A second limitation was that we conducted the survey in Matamoros during the 2002–2003 school year, two years after the survey done in the LRGV. In spite of this, the results should be comparable. Because of the lack of interventions during these two years, we did not expect any significant changes in the behavior of school-children in Matamoros. Similarly, we did not expect any significant bias in this population on the prevalence of overweight, physical activities, watching television, or measures attempting to control weight due to the lack of interventions during these two years. In addition, the data from Matamoros allowed us to adjust for nonresponse, which was not possible with the LRGV data.

Our biggest limitation was the different methods for collecting information on heights and weights in the LRGV and Matamoros. However, self-reported and direct measures of heights and weights have been found to be highly correlated (37).

In summary, we determined that overweight has become as big a problem among the Mexican adolescents as among the Mexican-American adolescents. The challenge of overcoming the extremely high prevalence of over-weight or of being at risk for over-weight among adolescents in the Texas/Mexico border region is immense. Interventions focusing on diet, diet education, and physical activities need to be implemented, along with evaluations of these intervention. These measures are essential for reducing the extremely high prevalence of over-weight among students in this region.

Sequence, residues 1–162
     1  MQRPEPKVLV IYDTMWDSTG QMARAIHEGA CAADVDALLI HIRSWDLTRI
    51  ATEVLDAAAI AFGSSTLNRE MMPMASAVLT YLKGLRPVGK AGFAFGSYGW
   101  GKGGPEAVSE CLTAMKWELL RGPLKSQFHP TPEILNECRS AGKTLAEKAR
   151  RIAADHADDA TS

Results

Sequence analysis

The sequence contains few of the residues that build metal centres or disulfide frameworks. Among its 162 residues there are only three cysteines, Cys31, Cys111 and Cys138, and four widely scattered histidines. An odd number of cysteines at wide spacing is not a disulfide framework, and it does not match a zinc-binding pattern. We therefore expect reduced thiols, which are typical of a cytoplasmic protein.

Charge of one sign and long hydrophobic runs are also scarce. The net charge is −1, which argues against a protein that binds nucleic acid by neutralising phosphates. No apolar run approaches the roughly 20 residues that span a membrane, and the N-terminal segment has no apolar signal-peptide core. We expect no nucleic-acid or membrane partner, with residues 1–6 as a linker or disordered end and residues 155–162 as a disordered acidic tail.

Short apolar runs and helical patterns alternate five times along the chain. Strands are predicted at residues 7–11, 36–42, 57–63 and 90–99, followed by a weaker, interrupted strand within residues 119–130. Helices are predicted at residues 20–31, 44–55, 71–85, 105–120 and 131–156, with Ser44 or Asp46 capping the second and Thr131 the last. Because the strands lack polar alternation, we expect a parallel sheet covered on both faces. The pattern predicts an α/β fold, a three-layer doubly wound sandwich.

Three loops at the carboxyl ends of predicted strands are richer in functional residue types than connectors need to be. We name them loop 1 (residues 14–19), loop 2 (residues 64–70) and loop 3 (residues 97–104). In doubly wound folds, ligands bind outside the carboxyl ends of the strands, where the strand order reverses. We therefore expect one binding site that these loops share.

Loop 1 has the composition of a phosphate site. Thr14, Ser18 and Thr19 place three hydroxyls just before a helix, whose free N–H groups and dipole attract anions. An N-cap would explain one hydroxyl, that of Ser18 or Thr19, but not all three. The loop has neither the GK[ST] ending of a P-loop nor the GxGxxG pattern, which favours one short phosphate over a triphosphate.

Acknowledgments. This research was supported by a grant from the United States National Institutes of Health National Center on Minority Health and Health Disparities (NIH CMHD P20MD000170-019001). The authors would like to thank the principals, coordinators, teachers, and other staff in the public and private schools in Matamoros for their support of this study. The authors also thank the students from the associate degree program in nursing at the University of Texas at Brownsville; the staff from Healthy Communities of Brownsville, Inc.; the staff from The University of Texas Health Science Center at Houston School of Public Health Brownsville Regional Campus; and volunteers and staff members from the Secretaría de Educación de Tamaulipas.

 

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Manuscript received 1 June 2005. Accepted for publication 15 August 2005.

 

 

* Send correspondence to: Adriana Pérez, 80 Fort Brown, SPH Building, Room N2.200, Brownsville, Texas 78520, United States of America; telephone: 956-882-5160; fax: 956-882-5153; e-mail: adriana.perez@utb.edu